For Which We Stand

United We Stand Stronger As Americans

Another American Hero goes Un-Noticed or even Recognized by your Obamanation Administration.
 
TSGT Clough
 
 
Silver Star Awarded to Combat Controller
 

HURLBURT FIELD, Fla. -- The commander of Air Force Special Operations Command presented the Silver Star medal to a combat controller and more than 30 other medals to special tactics Airmen during a ceremony at Hurlburt Field, Fla., Jan. 18.

Lt. Gen. Eric Fiel presented Tech. Sgt. Clint Campbell the Silver Star for his actions during combat near Kandahar Province, Afghanistan, Aug. 4, 2010.

According to the citation, Campbell directed 22 air strikes, including multiple danger close employments, resulting in 13 enemy fighters killed. Without regard for his own safety, he ran 300 meters through a gauntlet of enemy fire and then again exposed himself to enemy fire to mark insurgent positions with a 40 mm smoke grenade. Campbell directed an F-16 Fighting Falcon strafing run to neutralize the threat and enable evacuation of the wounded.

"His bravery in the face of withering enemy fire turned the tide of the battle, defeated the ambush, saved three teammates' lives and prevented certain additional casualties," according to the citation.

The Silver Star, the military's third-highest combat decoration, is given for gallantry and marked heroism in connection with military operations against an armed enemy of the U.S.

"This is more of an accomplishment for the team," Campbell said. "You just help your friends that are hurt. They're your brothers and you'd do anything for them."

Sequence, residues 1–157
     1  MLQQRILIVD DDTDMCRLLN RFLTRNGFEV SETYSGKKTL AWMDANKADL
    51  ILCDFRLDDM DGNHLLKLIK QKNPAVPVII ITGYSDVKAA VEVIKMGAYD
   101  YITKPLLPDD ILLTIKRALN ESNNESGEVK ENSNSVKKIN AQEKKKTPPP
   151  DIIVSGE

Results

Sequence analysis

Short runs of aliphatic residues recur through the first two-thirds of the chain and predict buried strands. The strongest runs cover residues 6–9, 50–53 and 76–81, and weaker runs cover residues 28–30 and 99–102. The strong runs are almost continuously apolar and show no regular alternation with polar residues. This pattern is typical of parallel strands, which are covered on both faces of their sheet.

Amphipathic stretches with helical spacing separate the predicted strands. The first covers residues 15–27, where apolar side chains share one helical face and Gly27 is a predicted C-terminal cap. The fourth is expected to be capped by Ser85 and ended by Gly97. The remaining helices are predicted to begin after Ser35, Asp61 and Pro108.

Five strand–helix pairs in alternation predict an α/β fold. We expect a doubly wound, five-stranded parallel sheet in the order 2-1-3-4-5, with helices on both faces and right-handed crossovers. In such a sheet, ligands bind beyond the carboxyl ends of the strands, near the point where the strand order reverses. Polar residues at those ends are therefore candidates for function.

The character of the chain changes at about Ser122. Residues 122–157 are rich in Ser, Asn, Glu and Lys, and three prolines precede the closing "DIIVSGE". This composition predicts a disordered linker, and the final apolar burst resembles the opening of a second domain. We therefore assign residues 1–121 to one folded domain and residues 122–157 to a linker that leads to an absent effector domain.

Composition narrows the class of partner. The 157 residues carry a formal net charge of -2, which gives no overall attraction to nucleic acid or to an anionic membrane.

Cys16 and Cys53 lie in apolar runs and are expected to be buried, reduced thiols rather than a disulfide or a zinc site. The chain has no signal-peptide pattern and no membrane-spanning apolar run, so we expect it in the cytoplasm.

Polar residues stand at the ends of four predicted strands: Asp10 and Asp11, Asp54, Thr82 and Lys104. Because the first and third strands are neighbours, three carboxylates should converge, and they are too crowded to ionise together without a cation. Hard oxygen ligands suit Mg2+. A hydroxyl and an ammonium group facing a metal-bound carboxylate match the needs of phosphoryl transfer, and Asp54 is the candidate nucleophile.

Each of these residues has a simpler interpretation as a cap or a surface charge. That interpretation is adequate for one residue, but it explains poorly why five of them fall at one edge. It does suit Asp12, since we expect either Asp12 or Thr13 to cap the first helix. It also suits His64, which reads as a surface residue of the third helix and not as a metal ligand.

Fiel brought Campbell's parents on stage to take part in the presentation. Dwight and Sandy Campbell said their son acted true to form.

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Ten Commandments of Human Relations

The fundamental issue in human ethical behavior is summarized by Jesus in what we have come to call "The Golden Rule." Jesus put it this way:

So in everything, do to others what you would have them do to you, for this sums up the Law and the Prophets (Matthew 7:12 TNIV).

It asks us to test our treatment of others by putting ourselves in their place. Treat others the way you would want them to treat you in the same or similar circumstance.

Somebody took that principle and translated it into Ten Commandments of Human Relations. You may have seen this anonymous piece, for it circulates in a variety of settings. In case you have missed it, I am reproducing it here.

Speak to people. There is nothing as nice as a cheerful word of greeting.

Smile at people. It takes 72 muscles to frown, only 14 to smile.

Call people by name. It is music to anyone’s ears to hear the sound of his or her name.

Be friendly and helpful.

Be cordial. Speak and act as if everything you do is genuinely a pleasure. If it isn’t, learn to make it so.

Be genuinely interested in people. You can like almost anyone, if you try.

Be generous with praise, cautious with criticism.

Be considerate of the feelings of others. There are usually three sides to a controversy — yours, the other fellow’s, and the correct one.

Be alert to serve. What counts most in life is what you do for others.

Live with a good sense of humor, a generous dose of patience, and a dash of humility appropriate to being human.

Made in God’s image, all of us have something to be valued!

The great challenge in human experience is not work skills, but people skills. That is, research has shown that the majority of people who fail in their vocation do so because they cannot get along with people.

You might think through the meaning of these ten common-sense ideas for your own workplace and personal activity. But what about the larger setting for your daily life? These principles work everywhere you go, for they are about showing respect to the people you meet in all those places.

Made in God’s image, all of us have something to be valued, affirmed, and acknowledged by others. But let it begin with us to acknowledge it in them. As the cycle of giving and receiving enlarges, the human community comes alive.

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